The world is pushing toward a clean energy future and Wall Street is following along for the ride. But should you invest in renewable power stocks right now? Here's what one big North American energy company is doing and what it says about the broader clean energy sector.
Hot, hot, hot
Shares of master limited partnership (MLP) NextEra Energy Partners, which invests heavily in clean energy assets like solar and wind power, are up 175% over the past five years. Parent NextEra Energy, a giant U.S. utility with material clean energy exposure, is up 155%. Real estate investment trust (REIT) Hannon Armstrong Sustainable Infrastructure Capital, which helps finance renewable power projects, has seen a stock increase of 190% over the same time frame. And Brookfield Renewable Partners, another clean energy-focused MLP run by Canadian asset manager Brookfield Asset Management, is up around 170%. Over the same period, the S&P 500 index, using SPDR S&P 500 ETF Trust as a proxy, has gained roughly 95%.
Those are pretty impressive numbers for sure, and they highlight the fact that the renewable power sector has been outperforming. That's great, but the problem is that hot sectors tend to draw increasing competition. That, in turn, brings down the returns as more companies are competing over projects -- which is exactly what Canada's Enbridge (ENB -1.45%) is warning about recently.
During Enbridge's fourth-quarter 2020 earnings conference call, management explained:
As everybody knows, renewable valuations these days are frothy to say the least, so that's good for the value of the business. But it also means that returns are being crunched down on new opportunities. So it's nice to have a backlog like we do of construction and development projects, and we're not going to stretch our investment criteria on risk or return.
In plain English, the company is saying that it won't lower its investment standards to chase new projects. It can do this because it already has a stable of offshore wind projects in Europe it's building over the next few years and opportunities to invest in solar for its own use in its pipeline business. It has several years' worth of spending locked at risk/reward levels it believes are worthwhile.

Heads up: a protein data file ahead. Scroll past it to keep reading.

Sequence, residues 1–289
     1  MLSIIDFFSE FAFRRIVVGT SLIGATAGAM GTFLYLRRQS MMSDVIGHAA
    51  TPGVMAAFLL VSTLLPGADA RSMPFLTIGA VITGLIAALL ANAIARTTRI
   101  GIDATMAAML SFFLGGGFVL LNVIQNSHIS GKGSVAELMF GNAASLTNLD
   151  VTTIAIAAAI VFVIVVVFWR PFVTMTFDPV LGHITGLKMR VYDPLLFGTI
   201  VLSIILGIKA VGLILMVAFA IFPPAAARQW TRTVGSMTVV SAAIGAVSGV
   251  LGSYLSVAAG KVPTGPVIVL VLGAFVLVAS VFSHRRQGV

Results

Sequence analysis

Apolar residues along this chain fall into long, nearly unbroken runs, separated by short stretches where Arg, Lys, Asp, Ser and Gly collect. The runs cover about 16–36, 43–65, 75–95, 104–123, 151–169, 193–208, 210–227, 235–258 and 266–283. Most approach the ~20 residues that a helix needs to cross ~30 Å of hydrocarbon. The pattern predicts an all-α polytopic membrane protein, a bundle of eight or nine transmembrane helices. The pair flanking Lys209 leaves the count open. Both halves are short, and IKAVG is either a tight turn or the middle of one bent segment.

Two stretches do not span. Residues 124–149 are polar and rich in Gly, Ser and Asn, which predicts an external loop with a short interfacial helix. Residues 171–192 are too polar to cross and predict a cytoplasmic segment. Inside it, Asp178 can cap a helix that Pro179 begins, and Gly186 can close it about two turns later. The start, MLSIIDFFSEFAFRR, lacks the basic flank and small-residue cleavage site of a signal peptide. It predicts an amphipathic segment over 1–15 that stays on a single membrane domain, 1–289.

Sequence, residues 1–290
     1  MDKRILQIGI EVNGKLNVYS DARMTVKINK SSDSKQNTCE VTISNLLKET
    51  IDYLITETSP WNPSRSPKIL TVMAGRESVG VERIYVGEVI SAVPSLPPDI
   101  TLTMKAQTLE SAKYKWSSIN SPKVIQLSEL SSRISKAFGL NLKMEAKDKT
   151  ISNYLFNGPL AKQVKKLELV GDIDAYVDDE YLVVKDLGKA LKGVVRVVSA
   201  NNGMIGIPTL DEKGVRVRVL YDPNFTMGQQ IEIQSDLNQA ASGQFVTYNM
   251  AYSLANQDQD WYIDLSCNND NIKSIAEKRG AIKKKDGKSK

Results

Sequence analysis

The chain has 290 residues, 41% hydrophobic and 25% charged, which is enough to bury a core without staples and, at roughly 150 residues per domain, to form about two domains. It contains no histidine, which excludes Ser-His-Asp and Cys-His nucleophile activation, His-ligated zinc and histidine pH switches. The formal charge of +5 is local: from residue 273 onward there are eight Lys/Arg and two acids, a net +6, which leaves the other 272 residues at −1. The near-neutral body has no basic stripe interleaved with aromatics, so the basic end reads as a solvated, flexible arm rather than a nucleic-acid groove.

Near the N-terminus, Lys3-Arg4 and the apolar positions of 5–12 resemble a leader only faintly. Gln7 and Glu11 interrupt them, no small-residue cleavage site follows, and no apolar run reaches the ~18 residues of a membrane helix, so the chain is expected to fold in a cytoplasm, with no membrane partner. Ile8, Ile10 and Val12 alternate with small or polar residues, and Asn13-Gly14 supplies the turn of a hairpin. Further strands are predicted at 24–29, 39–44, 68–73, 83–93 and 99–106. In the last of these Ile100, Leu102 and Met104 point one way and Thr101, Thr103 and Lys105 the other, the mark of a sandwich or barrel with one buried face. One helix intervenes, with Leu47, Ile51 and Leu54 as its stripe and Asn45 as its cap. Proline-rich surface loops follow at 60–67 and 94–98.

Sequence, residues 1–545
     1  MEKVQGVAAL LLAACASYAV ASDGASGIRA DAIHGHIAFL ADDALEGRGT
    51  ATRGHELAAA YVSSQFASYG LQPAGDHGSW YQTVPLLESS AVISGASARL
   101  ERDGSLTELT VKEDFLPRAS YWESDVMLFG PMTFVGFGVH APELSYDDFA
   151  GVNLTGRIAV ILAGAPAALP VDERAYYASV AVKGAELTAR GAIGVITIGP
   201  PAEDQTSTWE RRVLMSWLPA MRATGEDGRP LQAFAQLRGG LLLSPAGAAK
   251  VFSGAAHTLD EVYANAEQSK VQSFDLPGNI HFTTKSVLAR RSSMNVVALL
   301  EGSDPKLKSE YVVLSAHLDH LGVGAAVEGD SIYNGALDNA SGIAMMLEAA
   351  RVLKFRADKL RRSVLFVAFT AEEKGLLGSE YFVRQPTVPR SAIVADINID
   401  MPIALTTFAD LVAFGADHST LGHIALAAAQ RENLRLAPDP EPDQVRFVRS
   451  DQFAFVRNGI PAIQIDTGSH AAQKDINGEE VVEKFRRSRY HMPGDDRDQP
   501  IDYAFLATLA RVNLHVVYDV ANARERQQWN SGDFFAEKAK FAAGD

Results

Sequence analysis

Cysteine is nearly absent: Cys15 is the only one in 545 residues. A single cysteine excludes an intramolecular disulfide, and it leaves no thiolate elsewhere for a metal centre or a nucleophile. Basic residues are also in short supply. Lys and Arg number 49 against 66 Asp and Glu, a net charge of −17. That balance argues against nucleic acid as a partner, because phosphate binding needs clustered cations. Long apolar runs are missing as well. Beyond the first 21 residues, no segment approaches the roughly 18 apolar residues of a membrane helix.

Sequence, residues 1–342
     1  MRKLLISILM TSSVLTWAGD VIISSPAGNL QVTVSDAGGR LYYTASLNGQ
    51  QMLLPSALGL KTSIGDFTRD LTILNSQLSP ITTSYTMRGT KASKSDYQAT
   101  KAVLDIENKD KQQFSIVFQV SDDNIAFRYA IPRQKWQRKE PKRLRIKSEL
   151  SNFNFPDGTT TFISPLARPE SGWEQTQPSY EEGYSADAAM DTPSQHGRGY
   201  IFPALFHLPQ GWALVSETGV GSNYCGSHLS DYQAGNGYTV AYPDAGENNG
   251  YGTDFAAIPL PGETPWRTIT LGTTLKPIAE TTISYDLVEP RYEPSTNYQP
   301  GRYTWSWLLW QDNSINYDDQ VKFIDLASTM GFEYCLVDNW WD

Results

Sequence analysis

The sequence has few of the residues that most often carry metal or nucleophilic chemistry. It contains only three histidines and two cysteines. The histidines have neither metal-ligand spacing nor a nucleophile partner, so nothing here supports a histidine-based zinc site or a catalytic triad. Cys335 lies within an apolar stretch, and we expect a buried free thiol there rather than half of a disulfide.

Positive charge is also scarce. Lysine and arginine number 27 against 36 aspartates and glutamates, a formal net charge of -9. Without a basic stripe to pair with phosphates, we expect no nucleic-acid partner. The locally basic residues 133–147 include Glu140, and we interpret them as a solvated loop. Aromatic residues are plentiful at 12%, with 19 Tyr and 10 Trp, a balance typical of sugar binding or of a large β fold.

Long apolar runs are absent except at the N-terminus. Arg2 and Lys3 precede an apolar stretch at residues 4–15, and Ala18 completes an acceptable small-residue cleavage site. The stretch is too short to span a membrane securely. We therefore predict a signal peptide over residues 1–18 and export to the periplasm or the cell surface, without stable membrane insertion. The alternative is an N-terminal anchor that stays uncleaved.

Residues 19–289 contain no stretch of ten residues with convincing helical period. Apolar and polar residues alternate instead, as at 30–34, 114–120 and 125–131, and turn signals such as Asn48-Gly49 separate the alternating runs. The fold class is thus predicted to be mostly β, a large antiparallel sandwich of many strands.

There's no need for Enbridge to "stretch," as management noted. The flip side of this, however, is that other companies investing in the space may in fact be doing just that. As an example, in a recent auction for offshore wind projects in Europe, BP, an integrated oil giant trying to shift toward clean energy, paid 65% more than the second-highest bidder for projects. It paid 85% more than peer Total was willing to shell out. Although this is just one example, it highlights the froth that Enbridge is warning about. And it suggests that stocks caught up in the clean energy frenzy may be riskier than investors think, even if there's a huge long-term trend here.
But you don't have to invest in companies that are caught up in the clean energy hype on Wall Street to get exposure to the sector. Both Enbridge and Total are examples of companies using their legacy businesses to push into clean energy. Their clean energy segments are relatively small today, but they are expected to grow quickly. And neither one is particularly well-loved right now, with Enbridge's shares down around 3% over the past five years and Total's up just 5% or so.
Meanwhile, dividend investors will appreciate Enbridge's 7.1% yield and 26 years' worth of annual dividend increases. While Total doesn't have the same increase streak behind it, management has stated that it believes its dividend is sustainable at $40-per-barrel oil. It has a 6.7% yield. Both companies have been investing in renewable power for quite some time, too, so they aren't newbies by any stretch of the imagination. These two energy stocks are basically getting little to no credit for the clean energy shifts taking shape in their portfolios and that could be an opportunity for investors to buy into the sector on the cheap.
A contrarian view
You can follow along with the rest of Wall Street and chase hot names in a hot sector, but Enbridge is clearly warning that discipline in the arena is loosening. For investors that prefer to do things their own way, you might want to look at other companies that are looking to grow in the clean energy space but that have older, dirtier businesses that are distracting investors from the changes taking place. That list includes Enbridge and Total, but there are others, like Royal Dutch Shell and the aforementioned BP, though its overzealous bidding for offshore wind power projects should probably make you consider other options. The key point, however, is that you don't have to chase expensive stocks to invest in renewable power -- there are other options if you are willing to look for them.